I’ll tell you how to roast a pig on a spit – it’s easy – you call Cowboy Jeremiah at Leftcoast Grassfed and you see if he might rent his motorized spit (that he built) and provide pit master/fire starter services for the day. Then you bribe him with whatever libation he might desire!

Cowboy and Pitmaster Jeremiah and Chef Glaze at Potrero Nuevo Farm

Cowboy and Pitmaster Jeremiah with Me at Potrero Nuevo Farm.

Every hour or two you both stand around and talk about the game plan as the pig turns one rotation per minute and you let Jeremiah take the meat temperature from different parts – because his arms are much longer than yours – while trying not to die of smoke inhalation because the direction of the light breeze is following you both around the pit.

Pig on a Spit

As the Pig turns…. one full rotation every minute

Next you stand around the pig and take pictures with the farmer’s that raised the heritage pig: Suzie & Jay Trexler co-farm managers of Potrero Nuevo Farm and founders of Tunitas Creek Kitchen.

When the hog is cooked to 160˚F (figure 1 hour for every 10 lbs. at 225˚F) you push the indirect fire away and just let it slowly continue to turn on the spit so the juices reabsorb. This way the pig rests and you can actually carve it without burning your fingertips off – well sort of – it’s still going to be pretty darned hot even if it rests for thirty minutes.

We went through about two pallets of firewood over 8 hours and used whatever applewood we could find from neighboring farms mixed in with oak and eucalyptus. Jeremiah did a great job with the fire and created indirect piles next to the 4 honches with some coals alongside the belly (as you can see from the pics below) and then replenished them as needed.

His spit held the pig sturdy – better than any I have ever seen – and this took a few people to secure because the main rod is going to go from nose to tail (ouch!!!) Jeremiah’s spit securely bolted the pig to the spit.

spit roasted pig

Jeremiah’s spit with braces that bolt on to the pig

No need to brine or inject the pig with marinade unless you want to. I prefer the pig to taste like pig and the sauces can be added on top afterward. And we didn’t coat it with oil before roasting because we didn’t want the skin to turn black. Once that skin turns to crackle no salt or seasoning rub is going to stick to it, so again, it’s best to season after wards.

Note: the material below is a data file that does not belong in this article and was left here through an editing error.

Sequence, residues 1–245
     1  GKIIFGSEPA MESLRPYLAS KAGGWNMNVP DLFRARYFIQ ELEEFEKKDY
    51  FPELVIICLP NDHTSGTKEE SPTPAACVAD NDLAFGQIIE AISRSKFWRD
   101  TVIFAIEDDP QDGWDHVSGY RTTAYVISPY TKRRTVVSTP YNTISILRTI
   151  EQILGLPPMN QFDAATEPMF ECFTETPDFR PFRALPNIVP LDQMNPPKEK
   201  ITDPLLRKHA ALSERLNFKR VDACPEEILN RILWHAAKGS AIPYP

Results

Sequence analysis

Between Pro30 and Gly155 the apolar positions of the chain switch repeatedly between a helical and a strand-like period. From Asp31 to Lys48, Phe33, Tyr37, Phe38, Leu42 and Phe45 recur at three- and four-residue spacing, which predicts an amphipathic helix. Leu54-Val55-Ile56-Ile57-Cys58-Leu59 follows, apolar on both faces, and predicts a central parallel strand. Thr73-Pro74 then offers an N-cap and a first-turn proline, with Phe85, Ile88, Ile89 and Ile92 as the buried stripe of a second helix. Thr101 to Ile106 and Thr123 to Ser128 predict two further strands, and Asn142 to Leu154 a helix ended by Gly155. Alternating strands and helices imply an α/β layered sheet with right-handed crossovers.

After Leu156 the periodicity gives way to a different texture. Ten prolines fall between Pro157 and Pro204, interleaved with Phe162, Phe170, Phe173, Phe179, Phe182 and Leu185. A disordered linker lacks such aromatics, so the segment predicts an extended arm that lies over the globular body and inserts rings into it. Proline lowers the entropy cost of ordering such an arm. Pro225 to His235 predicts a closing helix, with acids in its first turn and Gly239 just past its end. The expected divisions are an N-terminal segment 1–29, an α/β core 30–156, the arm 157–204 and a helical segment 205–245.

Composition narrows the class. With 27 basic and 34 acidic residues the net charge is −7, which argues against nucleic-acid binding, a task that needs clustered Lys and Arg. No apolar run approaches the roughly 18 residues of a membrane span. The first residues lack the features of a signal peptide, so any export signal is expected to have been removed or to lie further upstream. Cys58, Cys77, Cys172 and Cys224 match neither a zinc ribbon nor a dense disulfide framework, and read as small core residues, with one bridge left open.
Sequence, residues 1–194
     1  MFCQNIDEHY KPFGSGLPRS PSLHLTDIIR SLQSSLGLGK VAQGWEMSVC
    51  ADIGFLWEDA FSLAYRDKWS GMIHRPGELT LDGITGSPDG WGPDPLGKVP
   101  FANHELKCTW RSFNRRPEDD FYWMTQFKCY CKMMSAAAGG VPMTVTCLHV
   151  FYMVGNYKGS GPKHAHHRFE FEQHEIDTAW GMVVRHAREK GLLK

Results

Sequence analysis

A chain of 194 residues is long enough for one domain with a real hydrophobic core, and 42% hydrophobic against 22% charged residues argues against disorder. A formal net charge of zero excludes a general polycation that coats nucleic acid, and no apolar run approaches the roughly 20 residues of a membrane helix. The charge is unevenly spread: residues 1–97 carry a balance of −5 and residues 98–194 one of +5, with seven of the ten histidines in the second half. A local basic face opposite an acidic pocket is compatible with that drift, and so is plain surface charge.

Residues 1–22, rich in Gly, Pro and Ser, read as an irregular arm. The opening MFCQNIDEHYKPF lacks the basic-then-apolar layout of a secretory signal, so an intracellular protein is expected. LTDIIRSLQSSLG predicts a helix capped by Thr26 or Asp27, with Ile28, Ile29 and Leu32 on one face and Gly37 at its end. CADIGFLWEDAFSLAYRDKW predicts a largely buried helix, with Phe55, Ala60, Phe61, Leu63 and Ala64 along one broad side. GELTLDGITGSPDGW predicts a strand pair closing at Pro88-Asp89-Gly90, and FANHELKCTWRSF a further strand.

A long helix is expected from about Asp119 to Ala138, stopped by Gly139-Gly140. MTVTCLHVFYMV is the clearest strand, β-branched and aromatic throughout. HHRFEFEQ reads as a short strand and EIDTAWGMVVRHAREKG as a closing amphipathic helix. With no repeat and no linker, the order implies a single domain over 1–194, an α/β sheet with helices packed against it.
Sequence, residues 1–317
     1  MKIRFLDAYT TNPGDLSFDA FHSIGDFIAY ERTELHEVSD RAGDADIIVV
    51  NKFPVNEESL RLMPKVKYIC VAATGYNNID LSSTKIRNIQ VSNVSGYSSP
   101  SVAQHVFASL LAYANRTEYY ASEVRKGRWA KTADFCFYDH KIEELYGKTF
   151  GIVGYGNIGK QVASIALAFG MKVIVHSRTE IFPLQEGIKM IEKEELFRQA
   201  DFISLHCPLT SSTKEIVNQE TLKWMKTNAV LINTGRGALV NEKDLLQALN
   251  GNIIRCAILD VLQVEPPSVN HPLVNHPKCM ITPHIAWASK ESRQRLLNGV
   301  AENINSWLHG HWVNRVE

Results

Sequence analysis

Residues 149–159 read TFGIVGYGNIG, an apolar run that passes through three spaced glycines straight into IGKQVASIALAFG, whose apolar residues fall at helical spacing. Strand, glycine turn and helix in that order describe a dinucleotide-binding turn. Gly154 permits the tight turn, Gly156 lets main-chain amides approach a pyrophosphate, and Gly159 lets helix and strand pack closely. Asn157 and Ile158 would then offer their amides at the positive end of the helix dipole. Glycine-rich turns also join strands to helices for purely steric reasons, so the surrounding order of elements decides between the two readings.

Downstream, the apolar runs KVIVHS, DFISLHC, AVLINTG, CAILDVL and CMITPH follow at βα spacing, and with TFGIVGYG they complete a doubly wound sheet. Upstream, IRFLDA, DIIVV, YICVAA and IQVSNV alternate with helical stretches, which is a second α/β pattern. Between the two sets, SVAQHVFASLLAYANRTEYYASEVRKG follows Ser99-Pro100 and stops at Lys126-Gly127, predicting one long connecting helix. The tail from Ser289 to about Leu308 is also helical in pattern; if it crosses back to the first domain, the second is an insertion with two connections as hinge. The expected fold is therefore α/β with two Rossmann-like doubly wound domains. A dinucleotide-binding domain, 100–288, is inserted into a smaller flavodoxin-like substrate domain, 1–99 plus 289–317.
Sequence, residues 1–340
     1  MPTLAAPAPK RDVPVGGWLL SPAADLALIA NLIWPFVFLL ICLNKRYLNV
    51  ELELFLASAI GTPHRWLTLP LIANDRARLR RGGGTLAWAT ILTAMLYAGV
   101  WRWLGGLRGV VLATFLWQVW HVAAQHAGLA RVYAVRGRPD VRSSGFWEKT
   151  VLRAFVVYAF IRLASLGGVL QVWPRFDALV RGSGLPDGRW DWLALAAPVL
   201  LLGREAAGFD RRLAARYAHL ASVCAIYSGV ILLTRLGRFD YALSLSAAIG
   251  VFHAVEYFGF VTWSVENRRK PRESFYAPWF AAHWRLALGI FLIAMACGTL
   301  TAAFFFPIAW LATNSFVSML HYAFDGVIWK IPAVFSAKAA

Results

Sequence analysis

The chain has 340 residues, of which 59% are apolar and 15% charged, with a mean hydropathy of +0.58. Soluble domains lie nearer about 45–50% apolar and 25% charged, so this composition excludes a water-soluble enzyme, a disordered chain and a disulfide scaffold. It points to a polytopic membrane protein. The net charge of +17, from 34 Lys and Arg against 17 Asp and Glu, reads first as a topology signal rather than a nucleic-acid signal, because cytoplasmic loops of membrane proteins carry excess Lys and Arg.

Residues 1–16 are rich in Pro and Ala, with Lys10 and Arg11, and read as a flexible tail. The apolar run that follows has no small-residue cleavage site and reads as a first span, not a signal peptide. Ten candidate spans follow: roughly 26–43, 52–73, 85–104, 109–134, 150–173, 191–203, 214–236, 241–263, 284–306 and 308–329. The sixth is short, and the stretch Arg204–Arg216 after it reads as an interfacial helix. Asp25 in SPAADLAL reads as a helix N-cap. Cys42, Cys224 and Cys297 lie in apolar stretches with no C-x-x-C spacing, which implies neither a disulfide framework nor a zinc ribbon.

Jeremiah's amazing motorized spit

Jeremiah’s amazing motorized spit can take up to 200lbs. Jay Jackson Photography

Lastly, you enlist Jeremiah and another cowboy (my husband in this case) to carry the 170lbs. pig to your make-shift carving station (2 saw horses with a piece of really thick ply wood over the top). Stick an apple in the mouth for your guests to see and go for it.

Taking the pig off the spit....

Taking the pig off the spit….

Spit Roasted Pit

Spit Roasted Pit ready to carve up

Why the obligatory apple? I’m not sure but it is necessary…

Beautifully cooked spit roasted pig with perfect crackle and totally cooked juicy meat

Beautifully cooked spit roasted pig with perfect crackle and totally cooked juicy meat

Note: this is the second pig roast I’ve done and no matter how amazing your butchering skills are, spit roasted pork is going to look pretty much the same color which is a greyish-white. I take the legs off and carve them, then go for the loin and slice it up, then cut in between the ribs and serve those too, and cut the pork belly into chunks.

I put large pieces of crackle over the top of the platters (boy oh boy does crackle from a pig that’s been perfectly spit-roasted taste amazing) and serve with a bunch of sauces on the table – in this case guajillo BBQ sauce, tomatillo salsa, and blue cheese dressing.

Pig Platter

Spit Roasted Pig. Photography Jay Jackson

But lets not forget the sides and I will follow up with recipes in another post. Because a pig roast has got to come with a plethora of accoutrements. I started the meal with cornmeal crusted fried green tomatoes and long zucchini sticks, then served a Fire and Ice salad with watermelon, tomatillo, pickled jalapeno and smoked chili d’arbol vinaigrette. For the mains I served a smoked potato salad, an heirloom tomato-corn-dragon lingerie been succotash with hot bacon vinaigrette & smoked padron peppers, and ranchero cattle beans with pickled vegetables. And cheddar scallion cornbread to soak up all the juices and corn tortillas.

Heirloom Tomato Succotash with Smoked Padron Peppers, Dragon Lingerie Beans, Late Season White Corn, Basil and hot Bacon VInaigrette

Dragon Lingerie Succotash: corn, dry farmed tomatoes, padrons, basil & bacon vinaigrette.

Finger lickin’ good!

Smoked Potato Salad with Chopped Hard Cooked Farm Egg, Tarragon, and Mustard Sauce

Smoked Potato Salad with Chopped Hard Cooked Farm Egg, Tarragon, and Mustard Sauce. Jay Jackson Photography

Cowboy Up Cattle Beans

Cowboy Up Cattle Beans. Jay Jackson Photography

If you are seriously interested in renting Jeremiah’s spit or having the Jay & Suzie Trexler (pictured below) raise a pig for your event please contact me and I will put you in touch with the powers that be. Only serious inquisitions will be tolerated. The rest will be thrown out with the slop!

Tunitas Creek Kitchen! Suzie & Jay Trexler raised the pig!

Tunitas Creek Kitchen! Farmer’s Suzie &Jay Trexler who raised the pig and all the produce at Potrero Nuevo Farm

For more pictures from our pig roast please check out http://found-images.smugmug.com/Tanitas-Creek-Half-Moon-Bay We were blessed with a professional photographer, Jay Jackson, as one of our guests who captured our day, our guests, and our food in beautiful ways. Thank you Jay! Still blown away by your pictures….

Pig Roast Sides:

Smoked Potato Salad with Tarragon and Hard Cooked Egg

Dragon Lingerie Succotash & Hot Bacon Vinaigrette

Cowboy Up Cattle Beans

Sautéed Greens with Pine Nuts and Red Spring Onion